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At a glance: Japan

Japan’s UNICEF House offers visitors a window into the agency’s global work

© Japan Committee for UNICEF/2010
A replica schoolroom at UNICEF House in Japan shows books and other learning materials from around the world.

TOKYO, Japan, 13 April 2010 – UNICEF House in the Minato ward of Tokyo is unlike any other building or museum in the world. 

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The Japan Committee for UNICEF building boasts an interactive learning centre, and offers guided tours through its video theatre and exhibits focusing on issues facing the world’s children – and on the work UNICEF does to address these issues.

In addition, visitors can see examples of the life-saving supplies that UNICEF deploys to developing countries. 

Emergency tent and supplies

On a recent tour, guide Yoriko Uda highlighted a 15-square-metre emergency tent that is stocked with the sorts of items that UNICEF typically sends to the field during a crisis.
“Here we have the blankets and baby clothes,” she said, gesturing. “And here on this side we have crushable plastic water gel cans and oil lamps, along with oral rehydration salts that UNICEF uses to help prevent acute dehydration from diarrhoea.”

Other items in the tent included high-protein biscuits and family food preparation kits – which are designed to aid those living without access to their normal food preparation utensils and utilities.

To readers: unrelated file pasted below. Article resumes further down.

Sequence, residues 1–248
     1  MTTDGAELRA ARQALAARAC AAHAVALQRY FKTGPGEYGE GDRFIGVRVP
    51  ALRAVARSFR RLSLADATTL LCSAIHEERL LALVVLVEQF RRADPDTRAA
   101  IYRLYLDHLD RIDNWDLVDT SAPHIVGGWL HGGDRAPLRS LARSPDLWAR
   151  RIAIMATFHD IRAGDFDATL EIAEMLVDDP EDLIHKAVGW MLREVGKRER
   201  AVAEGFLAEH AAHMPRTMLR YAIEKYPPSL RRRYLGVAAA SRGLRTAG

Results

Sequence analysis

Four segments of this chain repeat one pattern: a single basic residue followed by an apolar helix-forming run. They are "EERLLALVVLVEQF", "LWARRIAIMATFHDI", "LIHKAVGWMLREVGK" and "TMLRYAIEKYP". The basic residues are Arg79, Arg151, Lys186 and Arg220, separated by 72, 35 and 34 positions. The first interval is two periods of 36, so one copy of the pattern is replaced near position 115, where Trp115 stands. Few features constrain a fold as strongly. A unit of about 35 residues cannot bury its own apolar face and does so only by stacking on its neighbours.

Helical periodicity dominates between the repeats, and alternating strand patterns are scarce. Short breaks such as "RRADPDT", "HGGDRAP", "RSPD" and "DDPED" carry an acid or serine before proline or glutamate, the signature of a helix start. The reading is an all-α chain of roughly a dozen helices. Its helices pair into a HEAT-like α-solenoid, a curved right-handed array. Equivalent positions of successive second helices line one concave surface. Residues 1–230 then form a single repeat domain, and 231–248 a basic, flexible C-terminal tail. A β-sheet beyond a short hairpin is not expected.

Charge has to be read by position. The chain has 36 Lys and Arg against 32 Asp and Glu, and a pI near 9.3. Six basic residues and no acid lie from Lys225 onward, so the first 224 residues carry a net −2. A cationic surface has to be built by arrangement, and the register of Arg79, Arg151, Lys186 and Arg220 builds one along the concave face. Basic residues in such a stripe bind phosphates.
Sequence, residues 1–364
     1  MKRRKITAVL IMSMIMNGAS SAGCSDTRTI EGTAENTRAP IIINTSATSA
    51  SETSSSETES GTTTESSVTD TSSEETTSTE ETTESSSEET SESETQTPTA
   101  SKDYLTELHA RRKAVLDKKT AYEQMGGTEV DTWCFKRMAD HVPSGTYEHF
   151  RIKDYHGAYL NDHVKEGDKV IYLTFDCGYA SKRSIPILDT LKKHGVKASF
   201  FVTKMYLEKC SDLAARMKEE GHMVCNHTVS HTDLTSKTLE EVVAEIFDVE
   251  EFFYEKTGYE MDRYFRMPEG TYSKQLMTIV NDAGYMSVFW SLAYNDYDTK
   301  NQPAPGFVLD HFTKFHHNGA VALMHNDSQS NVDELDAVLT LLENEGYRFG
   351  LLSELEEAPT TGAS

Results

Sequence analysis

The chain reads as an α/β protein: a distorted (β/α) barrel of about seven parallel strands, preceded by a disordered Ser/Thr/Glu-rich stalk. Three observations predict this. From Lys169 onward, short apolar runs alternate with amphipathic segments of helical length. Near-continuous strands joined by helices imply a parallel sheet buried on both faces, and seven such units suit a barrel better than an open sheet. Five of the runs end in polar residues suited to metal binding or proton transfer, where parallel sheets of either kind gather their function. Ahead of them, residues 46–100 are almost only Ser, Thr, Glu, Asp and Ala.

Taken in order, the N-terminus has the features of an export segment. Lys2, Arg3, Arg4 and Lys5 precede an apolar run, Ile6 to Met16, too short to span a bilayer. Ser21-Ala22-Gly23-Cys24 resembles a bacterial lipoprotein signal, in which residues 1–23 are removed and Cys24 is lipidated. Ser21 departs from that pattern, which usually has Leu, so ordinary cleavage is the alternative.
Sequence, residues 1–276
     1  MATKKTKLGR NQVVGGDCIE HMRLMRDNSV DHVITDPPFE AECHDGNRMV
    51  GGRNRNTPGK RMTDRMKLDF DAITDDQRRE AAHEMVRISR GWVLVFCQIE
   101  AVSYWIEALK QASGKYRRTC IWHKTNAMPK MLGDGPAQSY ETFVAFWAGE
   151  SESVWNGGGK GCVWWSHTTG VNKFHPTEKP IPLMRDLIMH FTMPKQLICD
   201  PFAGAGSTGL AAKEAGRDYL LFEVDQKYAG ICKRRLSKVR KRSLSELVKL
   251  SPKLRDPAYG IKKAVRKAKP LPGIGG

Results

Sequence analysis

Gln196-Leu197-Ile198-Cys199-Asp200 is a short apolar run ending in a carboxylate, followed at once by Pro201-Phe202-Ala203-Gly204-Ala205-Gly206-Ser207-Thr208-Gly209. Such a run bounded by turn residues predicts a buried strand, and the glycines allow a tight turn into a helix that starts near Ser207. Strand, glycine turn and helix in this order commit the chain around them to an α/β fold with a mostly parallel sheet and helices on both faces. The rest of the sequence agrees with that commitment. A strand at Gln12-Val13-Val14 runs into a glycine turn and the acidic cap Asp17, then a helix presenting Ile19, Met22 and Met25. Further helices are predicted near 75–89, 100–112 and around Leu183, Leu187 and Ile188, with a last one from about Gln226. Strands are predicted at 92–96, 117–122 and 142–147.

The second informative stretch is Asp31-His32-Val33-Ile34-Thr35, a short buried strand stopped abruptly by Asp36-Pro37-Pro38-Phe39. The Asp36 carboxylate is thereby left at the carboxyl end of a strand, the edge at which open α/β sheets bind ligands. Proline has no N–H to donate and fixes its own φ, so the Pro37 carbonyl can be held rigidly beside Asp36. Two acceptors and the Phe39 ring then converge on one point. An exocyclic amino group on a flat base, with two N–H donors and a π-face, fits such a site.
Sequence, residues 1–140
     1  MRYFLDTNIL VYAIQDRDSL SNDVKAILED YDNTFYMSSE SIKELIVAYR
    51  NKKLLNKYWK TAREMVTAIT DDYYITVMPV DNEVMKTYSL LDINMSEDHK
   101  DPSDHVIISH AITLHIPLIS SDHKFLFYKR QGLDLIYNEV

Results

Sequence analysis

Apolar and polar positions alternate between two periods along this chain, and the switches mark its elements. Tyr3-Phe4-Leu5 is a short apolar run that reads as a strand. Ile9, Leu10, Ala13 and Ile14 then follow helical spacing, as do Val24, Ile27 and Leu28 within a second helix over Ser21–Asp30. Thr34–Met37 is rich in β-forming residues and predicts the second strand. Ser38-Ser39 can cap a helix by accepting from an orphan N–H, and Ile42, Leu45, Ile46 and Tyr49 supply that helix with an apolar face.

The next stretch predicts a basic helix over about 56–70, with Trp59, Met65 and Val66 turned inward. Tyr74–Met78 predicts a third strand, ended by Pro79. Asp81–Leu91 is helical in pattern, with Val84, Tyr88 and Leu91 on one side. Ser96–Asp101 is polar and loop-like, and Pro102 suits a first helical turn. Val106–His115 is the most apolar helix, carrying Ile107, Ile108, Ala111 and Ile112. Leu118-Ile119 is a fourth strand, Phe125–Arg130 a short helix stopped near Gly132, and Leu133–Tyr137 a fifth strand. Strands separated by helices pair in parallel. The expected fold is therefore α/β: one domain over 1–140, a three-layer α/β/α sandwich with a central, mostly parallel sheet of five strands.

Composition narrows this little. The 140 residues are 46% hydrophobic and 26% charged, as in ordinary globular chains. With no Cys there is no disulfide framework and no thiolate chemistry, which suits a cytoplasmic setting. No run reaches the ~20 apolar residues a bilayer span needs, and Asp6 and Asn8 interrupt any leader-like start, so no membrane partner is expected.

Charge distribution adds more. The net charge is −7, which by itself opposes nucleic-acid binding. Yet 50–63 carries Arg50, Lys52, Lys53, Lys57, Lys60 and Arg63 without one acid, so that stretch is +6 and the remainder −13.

Beside these kits are examples of UNICEF ‘School-in-a-Bag’ and ‘School-in-a-Box’ kits stocked with notebooks and other emergency school supplies. These items serve as a  stop-gap to help children resume education after a crisis.

© Japan Committee for UNICEF/2010
Inside UNICEF House in Japan stands a tent filled with emergency supplies that UNICEF dispatches in crisis situations.

The tent also displays toy dolls, colourful puppets, stuffed animals, soccer balls and other sports items.

“In the case of an earthquake or tsunami, children lose their normalcy in an instant,” Ms. Uda explained. “That can affect them psychologically – and tools like toys and puppets can help.”

Regular, daily aid work

In addition to emergency supplies, the UNICEF House in Japan highlights the regular, daily aid work that UNICEF does to help meet the basic needs of children around the world. Included are replicas of a classroom and a health centre, as well as water and sanitation supplies. 

Visitors can see an insecticide-treated bed net like those UNICEF distributes to help combat malaria, or sit at a sample UNICEF school desk. Or they can see and touch replicas of land mines and other weapons such as those encountered by children in conflict zones.

“At UNICEF House, you can touch and feel real things,” Ms. Uda said, citing as examples the weight of water containers or machine guns carried by children recruited into armed conflicts.

At the end of the tour, Ms. Uda said she hoped Japanese children who visit UNICEF House will come away with a better understanding of the problems faced by their peers around the world.

A better understanding

After each tour, students fill out a questionnaire about their impressions of what they have seen.

“Quite a few [say they] have started thinking about the situation of children in the far corners of the world as their own problems – not as a problem distant from themselves,” Ms. Uda noted, adding that many children come away with a desire to help others. “Whenever I see that reaction...I’m quite encouraged and quite happy,” she said.

The UNICEF House visitors’ centre receives approximately 30,000 visitors each year. Most are Japanese children.




Hear some sounds and meet a tour guide from the interactive exhibit at Japan’s UNICEF House.
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